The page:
Sounding nowhere near as confident or meticulously orchestrated as the breakthrough efforts that would seduce legions of classic rock lovers nearly a decade hence, 1997's Closer to Doom EP was Bigelf's modest recording debut, and a massive retrospective endorsement of long-term artist development like no other. Which is to say that the group would improve by leaps and bounds in years to come, but here, unsatisfactory production standards (which is odd, considering Sylvia Massey was in charge) conspire with undercooked early songs like "Change," "Frustration," and the title track to expose band mastermind Damon Fox's as yet unfulfilled talents and creative vision. Rather, Bigelf's eventually thrilling mutations of the Beatles and Black Sabbath, Jellyfish and Uriah Heep, only threaten to come together on rare standouts "Crazy" and "Salvation," respectively. So, if anything, it's the four bonus tracks tacked onto this six-song EP at a later date that round out its promise with a few added glimpses of Bigelf's versatility, including the prog-symphonic instrumental workout "Theme One," the Queen-like power pop nugget "I, the Jury," its full-on metallic polar opposite "Fight," and the closing Sgt. Pepper-isms of "Baron Saturday." All of which brings Closer to Doom a little closer, as it were, to the latter-day excellence expected of Bigelf, but not enough to justify recommending this flawed first sighting to listeners aside from their most devout fans.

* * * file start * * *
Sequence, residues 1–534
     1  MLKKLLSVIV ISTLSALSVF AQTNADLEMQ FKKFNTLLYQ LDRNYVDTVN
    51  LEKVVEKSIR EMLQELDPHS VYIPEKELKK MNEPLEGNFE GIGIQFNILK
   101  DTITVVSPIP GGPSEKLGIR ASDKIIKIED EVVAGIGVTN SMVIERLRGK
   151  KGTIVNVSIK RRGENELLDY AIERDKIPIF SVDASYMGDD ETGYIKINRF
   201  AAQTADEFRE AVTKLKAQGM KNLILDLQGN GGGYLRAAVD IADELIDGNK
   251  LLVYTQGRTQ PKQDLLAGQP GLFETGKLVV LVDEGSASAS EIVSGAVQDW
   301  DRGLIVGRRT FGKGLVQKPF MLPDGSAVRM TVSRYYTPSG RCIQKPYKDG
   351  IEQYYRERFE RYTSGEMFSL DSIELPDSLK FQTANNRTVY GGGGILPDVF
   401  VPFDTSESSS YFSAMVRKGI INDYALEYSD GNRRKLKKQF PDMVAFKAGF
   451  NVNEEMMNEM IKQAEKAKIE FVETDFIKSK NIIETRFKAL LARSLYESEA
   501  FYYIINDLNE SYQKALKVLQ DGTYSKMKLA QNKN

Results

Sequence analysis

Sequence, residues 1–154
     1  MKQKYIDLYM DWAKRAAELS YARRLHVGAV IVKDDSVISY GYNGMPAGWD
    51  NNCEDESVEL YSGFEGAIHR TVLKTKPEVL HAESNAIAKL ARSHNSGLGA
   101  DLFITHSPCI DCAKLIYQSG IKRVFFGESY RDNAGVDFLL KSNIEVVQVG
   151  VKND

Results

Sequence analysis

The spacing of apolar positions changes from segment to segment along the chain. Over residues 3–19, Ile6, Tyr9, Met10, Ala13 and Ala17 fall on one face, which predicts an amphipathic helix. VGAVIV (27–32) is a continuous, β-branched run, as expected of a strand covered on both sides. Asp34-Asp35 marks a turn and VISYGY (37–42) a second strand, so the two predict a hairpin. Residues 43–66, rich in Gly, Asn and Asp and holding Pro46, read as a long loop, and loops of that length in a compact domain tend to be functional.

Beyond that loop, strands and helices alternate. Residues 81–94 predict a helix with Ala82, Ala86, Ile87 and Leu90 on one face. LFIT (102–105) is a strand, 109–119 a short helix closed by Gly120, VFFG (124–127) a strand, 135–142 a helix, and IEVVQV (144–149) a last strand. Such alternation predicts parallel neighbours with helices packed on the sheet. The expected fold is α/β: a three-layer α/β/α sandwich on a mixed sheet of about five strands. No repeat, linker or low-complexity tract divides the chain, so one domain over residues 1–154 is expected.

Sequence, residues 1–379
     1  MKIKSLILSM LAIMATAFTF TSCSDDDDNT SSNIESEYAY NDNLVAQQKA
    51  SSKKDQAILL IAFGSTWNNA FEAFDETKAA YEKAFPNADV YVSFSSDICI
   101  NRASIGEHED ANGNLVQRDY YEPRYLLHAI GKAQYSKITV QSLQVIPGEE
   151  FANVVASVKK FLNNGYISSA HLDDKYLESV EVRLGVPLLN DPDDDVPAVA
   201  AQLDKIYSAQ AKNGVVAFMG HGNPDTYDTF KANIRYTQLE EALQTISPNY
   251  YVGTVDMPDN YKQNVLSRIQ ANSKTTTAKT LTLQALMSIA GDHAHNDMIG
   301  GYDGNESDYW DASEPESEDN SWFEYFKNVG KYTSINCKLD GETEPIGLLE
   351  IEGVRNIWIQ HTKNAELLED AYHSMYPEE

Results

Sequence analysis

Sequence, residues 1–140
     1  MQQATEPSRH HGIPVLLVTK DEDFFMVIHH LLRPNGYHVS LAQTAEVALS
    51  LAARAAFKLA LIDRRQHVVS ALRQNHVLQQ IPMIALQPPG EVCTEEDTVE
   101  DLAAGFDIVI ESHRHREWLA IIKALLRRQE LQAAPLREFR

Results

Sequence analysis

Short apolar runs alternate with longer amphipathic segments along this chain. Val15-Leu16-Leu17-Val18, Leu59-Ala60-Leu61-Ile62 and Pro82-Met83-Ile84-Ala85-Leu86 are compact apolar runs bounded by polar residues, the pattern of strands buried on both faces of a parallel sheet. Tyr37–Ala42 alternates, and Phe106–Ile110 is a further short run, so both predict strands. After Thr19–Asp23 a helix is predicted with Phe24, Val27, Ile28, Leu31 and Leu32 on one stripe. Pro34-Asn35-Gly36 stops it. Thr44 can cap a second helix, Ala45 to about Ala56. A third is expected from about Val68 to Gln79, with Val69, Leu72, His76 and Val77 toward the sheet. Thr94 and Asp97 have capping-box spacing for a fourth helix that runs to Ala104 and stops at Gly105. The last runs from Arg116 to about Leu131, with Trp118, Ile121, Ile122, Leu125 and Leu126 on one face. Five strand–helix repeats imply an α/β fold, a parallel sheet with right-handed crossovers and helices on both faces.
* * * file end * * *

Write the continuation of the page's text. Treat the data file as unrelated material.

AllMusic Review by Eduardo Rivadavia